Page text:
What changed? When did we lose the global vocation that infused the Cabinet, Leavers and Remainers alike, two years ago?
There are honourable arguments for and against shipping the Parthenon marbles to Greece. His instinctive knee-jerk is not one of them.
As the miracles of Hong Kong and Singapore demonstrate, cheaper imports, rather than easier exports, are the big win. The trick is persuading voters to agree.
Leaving the Single Market while keeping the Customs Union would reduce the United Kingdom economy to the status of a bargaining chip for Brussels.
“I understand that people enjoy righteous anger…but what’s alarming is the people who understand statistical distribution and who are going along with this.”
We must oppose illegal immigration. But making life harder for legitimate residents helps nobody.
Ask one question: In what conflict has Jeremy Corbyn ever been on Britain’s side? He always finds a way of blaming the world’s problems on the West.
The message that some send to Brussels – that if the Eurocrats make it all painful enough then we can be bullied into changing our minds – is mistaken but harmful.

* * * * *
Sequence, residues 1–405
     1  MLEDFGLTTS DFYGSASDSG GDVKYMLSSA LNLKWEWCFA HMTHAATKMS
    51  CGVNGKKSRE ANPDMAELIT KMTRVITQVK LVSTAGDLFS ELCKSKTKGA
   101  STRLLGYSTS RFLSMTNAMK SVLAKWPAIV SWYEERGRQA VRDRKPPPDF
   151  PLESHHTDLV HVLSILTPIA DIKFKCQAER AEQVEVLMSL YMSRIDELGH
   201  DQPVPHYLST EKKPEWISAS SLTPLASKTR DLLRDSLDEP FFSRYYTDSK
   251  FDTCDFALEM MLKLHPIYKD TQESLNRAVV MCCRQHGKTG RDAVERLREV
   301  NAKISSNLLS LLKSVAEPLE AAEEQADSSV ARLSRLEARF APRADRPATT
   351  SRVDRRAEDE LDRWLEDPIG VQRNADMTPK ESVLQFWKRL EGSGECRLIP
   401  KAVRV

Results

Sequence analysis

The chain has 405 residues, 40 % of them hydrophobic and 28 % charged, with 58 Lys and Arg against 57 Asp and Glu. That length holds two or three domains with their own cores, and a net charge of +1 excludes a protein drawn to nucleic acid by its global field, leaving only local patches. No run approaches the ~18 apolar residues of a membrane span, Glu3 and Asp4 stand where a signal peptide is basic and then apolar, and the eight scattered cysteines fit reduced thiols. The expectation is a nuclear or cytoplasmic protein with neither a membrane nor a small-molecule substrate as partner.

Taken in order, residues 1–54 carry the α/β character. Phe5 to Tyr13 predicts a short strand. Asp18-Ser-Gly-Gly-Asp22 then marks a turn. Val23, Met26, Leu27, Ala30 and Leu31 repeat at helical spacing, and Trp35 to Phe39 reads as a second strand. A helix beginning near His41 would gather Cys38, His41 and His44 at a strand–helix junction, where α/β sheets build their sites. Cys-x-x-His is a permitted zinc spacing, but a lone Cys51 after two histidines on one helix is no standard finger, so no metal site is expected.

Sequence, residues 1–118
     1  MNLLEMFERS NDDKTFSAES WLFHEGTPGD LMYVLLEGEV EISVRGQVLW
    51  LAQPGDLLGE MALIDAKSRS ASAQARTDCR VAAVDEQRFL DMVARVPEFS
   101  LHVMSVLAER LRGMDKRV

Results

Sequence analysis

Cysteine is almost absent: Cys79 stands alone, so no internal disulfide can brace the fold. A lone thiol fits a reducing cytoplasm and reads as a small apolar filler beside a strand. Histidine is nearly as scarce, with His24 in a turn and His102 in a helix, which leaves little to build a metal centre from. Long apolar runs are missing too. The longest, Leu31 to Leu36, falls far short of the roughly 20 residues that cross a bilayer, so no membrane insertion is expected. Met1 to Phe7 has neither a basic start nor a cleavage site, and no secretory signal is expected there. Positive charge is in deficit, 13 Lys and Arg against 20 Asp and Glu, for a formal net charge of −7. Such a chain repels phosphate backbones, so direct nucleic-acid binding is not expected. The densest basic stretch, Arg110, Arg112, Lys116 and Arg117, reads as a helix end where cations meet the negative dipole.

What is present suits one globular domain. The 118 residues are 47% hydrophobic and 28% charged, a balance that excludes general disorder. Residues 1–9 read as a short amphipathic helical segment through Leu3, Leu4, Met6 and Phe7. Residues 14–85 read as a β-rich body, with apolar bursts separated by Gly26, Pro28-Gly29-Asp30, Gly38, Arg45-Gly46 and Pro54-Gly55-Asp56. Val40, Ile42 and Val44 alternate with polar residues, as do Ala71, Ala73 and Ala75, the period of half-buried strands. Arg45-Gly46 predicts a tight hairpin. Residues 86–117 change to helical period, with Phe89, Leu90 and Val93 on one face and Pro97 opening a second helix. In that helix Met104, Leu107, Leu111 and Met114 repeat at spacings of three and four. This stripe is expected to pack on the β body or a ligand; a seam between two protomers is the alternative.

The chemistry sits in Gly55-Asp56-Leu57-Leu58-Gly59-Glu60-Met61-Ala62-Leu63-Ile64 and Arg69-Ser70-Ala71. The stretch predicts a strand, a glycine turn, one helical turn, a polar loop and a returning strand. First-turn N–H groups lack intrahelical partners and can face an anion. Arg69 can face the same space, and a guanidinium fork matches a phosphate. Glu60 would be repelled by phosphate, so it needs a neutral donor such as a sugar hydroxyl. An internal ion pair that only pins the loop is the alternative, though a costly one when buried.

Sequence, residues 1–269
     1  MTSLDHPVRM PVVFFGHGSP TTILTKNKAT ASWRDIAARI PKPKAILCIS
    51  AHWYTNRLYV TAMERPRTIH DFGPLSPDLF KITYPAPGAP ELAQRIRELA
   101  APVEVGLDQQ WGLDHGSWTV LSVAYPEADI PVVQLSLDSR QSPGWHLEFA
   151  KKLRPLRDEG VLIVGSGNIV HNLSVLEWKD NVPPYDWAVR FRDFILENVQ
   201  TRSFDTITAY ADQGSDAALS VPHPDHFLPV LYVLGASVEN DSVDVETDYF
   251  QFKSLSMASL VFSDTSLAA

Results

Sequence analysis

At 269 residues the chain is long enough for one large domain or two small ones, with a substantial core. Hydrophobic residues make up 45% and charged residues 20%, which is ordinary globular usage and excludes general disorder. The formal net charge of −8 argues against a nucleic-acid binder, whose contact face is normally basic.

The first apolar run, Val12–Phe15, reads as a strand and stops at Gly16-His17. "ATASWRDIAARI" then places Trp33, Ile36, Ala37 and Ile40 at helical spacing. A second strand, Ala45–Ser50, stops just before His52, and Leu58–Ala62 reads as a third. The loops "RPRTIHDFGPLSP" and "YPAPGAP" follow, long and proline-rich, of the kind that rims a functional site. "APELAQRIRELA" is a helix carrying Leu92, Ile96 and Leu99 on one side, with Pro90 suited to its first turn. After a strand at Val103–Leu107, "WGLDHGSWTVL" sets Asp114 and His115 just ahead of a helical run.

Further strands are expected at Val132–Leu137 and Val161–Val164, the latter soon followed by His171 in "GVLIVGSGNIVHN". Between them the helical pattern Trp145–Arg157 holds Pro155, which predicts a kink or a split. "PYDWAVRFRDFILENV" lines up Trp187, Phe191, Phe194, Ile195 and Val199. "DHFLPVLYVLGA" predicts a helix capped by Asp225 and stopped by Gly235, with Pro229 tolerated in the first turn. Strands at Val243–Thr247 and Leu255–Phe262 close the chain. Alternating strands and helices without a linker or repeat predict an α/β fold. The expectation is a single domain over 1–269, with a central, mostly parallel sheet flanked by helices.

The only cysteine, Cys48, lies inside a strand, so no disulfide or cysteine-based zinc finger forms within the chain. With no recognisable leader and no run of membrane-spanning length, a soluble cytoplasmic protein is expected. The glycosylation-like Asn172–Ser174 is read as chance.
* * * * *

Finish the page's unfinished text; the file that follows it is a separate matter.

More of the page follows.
Many voters – Leave and Remain – appreciate his spirit of boldness, and want to move on from past divisions, not reopen them. There are opportunities to be grasped.
When these terms are misused as catch-all boo-words, they lose their meaning and their essential value.
A bit of romantic rhetoric from Brussels cannot change the fact that their only offers – before and after we voted Leave – have been provocatively unacceptable.
It is hard to avoid the impression that leaving is being undertaken in a spirit of damage limitation rather than a spirit of opportunity.
And here’s the thing: Banks knew it. Farage knew it. But they didn’t care. Their primary objective was to be seen to lead the campaign, not to win it.